In the layers of fiction that constitute Momo’s story—or more accurately, constitute Momo—Chi foreshadows a future that is quite queer, in the sense of breaking down sex and gender norms. Momo casually mentions she has two moms, that she’s traded one sexual anatomy for another, but that she’s been a girl throughout. The only man mentioned in the book loses himself in gay saunas and the search for “rough trade.”
The reader quickly forgets the troubling metaphysics as we're quickly drawn into the stream-of-conscious flow of reflections anxiety, intimacies, memories, schemes, and resolutions
But beneath those emblems lies a more radical queerness that can benefit people of any identity. When the final revelation comes, it exposes how fictional and malleable Momo’s identity is. She’s a girl because her mother wanted one. She’s a celebrity dermal care technician because the corporation says she is. These stories are the true membranes of the title, keeping out the ugly truth and preserving a beautiful lie inside her mind.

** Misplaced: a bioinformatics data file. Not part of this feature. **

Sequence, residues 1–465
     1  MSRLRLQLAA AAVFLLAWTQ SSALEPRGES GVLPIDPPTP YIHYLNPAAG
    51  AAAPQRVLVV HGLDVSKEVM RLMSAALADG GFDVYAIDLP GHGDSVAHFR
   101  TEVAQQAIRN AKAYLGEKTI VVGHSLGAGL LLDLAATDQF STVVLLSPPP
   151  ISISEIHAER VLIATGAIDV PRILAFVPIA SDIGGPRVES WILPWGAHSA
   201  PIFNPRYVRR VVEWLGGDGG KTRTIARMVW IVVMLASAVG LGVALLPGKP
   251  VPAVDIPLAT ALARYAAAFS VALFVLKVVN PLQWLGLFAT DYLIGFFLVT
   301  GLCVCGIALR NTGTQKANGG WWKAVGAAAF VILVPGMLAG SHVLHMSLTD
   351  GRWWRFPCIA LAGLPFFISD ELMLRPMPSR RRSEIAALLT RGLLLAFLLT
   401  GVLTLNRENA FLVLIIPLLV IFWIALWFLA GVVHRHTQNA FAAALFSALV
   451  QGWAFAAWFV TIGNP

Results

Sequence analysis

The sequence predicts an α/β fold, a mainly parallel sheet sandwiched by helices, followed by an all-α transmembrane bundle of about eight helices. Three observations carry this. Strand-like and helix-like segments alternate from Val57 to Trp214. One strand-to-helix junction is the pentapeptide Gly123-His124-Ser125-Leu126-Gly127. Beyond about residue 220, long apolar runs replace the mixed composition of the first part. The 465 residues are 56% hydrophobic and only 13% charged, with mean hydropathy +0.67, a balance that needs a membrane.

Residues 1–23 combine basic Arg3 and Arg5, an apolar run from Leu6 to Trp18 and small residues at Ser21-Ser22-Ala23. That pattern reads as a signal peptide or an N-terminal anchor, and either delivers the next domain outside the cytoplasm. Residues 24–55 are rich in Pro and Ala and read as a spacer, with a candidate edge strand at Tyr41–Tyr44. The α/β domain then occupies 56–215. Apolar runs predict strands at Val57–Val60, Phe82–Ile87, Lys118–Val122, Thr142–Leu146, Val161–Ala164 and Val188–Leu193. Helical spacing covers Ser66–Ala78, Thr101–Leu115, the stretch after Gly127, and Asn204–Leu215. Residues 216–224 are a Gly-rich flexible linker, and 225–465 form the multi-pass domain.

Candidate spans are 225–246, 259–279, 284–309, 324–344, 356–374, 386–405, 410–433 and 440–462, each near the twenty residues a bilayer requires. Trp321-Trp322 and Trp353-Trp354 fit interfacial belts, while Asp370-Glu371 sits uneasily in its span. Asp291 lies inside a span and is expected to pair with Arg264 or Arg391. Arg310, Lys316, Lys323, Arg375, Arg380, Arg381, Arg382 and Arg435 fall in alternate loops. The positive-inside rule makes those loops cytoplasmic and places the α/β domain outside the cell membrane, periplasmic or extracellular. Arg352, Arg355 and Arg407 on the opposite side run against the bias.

Who is Momo? She’s an idea built from stories. Who tells those stories? Momo counts her mother and the corporation manipulating her—but I count more. By the end of the novella we can trace a wealth of influences on Momo, including Shakespeare’s plays, Bergman’s films, and countless novels. Most importantly, we see the fictions built by Momo herself as she processes her longings and aspirations into memories of her own making, designed within the prison of her mind. This, more than the setting, is what makes Momo’s story radically queer.
Physical reality may be odious and oppressive: Chi knows it, having lived through the final years of Taiwan’s martial law era, the terror of the AIDS pandemic, and the scourge of bigotry that still mars much of our world. But the queer rejoinder to those oppressions is often the same: In my head, I have as much power as you. Momo, without even realizing it, uses that power to build her own story, inside and around the lies she’s been told. That’s where she finds a queer sort of freedom. It’s a lesson from the LGBTQ+ community that can help liberate readers of any identity.
The queer liberation we can read in the membranes is that we each contain the freedom to define ourselves using scraps of experience, story, and fantasy in and around us